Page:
1. Great post. In Entrepreneurial Finance class we are discussing why the average returns of VC funds are down in recent years. Many similar start ups within the same industry are a contributing factor to declining returns. VCs still want to put investor money to work, but the portion of the start ups that will be successful is smaller than it once was. Wearables are an interesting market. Personally I don’t see enough functionality in the Apple Watch or the Fit Bit to make a purchase. I don’t think that I would wear it often enough either. This could be that the technology is just not there yet, but I could also be that there is an unrealized need that a large portion of consumers have not identified. It was interesting that you said people don’t like Yelp. I don’t use it often, and I was not aware of this.

  2. emmaharney21 · ·

    This is a really interesting post. I found this to be incredibly helpful as a high level analysis of the tech start up space. I recently tweeted about how Google is allowing consumers access to some of their new AI products. http://mashable.com/2016/11/15/google-ai-experiments/?utm_cid=mash-com-Tw-tech-link%23sd613jsnjlqd#YHLqg0jg15qu

    Your post made it very clear as to why they are doing that. It is likely because AI is a major trend in the space and no one company is positive as to how consumers are going to react to some of it. While we have experiences AI on the level of Siri we have yet to live in a world with driverless cars. I think google is very smart to test the waters with how consumers are reacting to their products. This also fuels the excitement for AI trends.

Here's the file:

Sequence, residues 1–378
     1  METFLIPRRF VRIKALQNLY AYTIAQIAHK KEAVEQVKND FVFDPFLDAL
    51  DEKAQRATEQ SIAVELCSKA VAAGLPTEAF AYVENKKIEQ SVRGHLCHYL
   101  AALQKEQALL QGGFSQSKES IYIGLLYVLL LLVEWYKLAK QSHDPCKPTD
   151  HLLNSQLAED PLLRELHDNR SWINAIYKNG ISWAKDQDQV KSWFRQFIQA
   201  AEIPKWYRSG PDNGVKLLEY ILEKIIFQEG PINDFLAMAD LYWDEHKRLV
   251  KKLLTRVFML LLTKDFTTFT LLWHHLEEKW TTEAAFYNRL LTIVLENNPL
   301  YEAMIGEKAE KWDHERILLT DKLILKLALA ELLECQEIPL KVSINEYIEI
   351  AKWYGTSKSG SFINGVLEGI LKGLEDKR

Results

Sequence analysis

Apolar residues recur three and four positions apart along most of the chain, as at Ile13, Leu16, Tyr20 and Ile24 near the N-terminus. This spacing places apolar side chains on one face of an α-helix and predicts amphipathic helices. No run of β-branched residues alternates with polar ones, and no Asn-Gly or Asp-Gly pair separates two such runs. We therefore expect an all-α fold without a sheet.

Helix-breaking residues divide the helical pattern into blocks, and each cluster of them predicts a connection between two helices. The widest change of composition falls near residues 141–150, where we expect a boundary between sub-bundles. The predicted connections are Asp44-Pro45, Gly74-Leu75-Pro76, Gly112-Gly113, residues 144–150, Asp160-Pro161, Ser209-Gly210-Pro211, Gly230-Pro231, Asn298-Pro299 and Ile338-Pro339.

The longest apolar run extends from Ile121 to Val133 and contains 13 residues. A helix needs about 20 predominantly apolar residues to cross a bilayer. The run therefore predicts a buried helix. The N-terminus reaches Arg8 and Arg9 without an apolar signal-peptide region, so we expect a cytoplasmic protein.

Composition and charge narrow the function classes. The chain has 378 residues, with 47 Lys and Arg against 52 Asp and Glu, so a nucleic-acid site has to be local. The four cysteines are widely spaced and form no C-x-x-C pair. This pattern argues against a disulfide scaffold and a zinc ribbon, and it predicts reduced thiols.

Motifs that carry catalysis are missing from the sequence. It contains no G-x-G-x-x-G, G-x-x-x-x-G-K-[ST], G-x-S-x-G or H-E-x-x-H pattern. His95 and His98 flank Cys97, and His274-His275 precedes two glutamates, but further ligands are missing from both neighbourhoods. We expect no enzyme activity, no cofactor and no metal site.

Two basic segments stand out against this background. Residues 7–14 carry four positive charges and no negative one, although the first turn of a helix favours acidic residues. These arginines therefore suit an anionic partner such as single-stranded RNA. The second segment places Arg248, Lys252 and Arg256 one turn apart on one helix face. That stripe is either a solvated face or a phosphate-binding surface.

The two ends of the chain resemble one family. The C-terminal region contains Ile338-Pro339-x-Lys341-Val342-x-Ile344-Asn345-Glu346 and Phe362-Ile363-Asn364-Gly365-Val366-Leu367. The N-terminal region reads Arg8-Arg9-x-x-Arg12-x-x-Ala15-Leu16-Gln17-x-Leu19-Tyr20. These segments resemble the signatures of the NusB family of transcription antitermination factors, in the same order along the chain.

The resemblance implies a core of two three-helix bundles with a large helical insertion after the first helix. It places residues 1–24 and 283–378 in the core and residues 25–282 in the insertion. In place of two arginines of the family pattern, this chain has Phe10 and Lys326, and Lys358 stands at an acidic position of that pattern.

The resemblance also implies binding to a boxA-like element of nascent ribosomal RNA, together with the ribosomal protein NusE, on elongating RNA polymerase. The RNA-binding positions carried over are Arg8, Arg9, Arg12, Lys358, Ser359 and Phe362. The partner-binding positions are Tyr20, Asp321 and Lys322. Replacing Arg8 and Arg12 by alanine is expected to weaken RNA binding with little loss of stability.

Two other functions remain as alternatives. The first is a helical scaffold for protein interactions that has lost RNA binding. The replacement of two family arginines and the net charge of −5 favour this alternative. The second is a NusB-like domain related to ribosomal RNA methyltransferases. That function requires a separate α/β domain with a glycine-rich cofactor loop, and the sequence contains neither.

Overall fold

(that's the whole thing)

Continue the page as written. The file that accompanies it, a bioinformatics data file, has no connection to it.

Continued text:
Based on your analysis of the wearables market, how do you think this is going to bode for the Spectacles? What do you think Spectacles could do to avoid ending up like all the other wearable tech? I really enjoyed how you used the graphic of the Fitbit stock, it outlines the trends nicely.

    This was a great post!

    1. I think Snapchat’s wearables actually have a lot of potential to do better than other wearables specifically because they aren’t marketing themselves as an “everyday” wearable. Spectacles don’t have to be worn every day to be effective, rather they are used as an extension of the Snapchat product and can be used at the user’s discretion. I think the one of the biggest problems with wearables is that they require a huge behavioral change for users, and I don’t see Spectacles as requiring the same. I guess we will have to wait and see!

  3. Loved reading this. Do you think companies that are looking to move into wearables should avoid them altogether? I see that you’ve given some advice on how Snapchat can be different, but what can be done about the wearables industry (FitBit, Bellabeat, etc.) as a whole to improve? I’m really interested to see where FinTech goes – I think we’re at an interesting time right now because this technology, although nascent, has the potential to disrupt many traditional finance roles. The implementation of AI and low cost methods to invest will definitely affect some parts of the industry. However, with the acceleration of FinTech, there will also continue to be more investing and consolidation as well, which can help investment banks get some extra revenue. Thanks for sharing!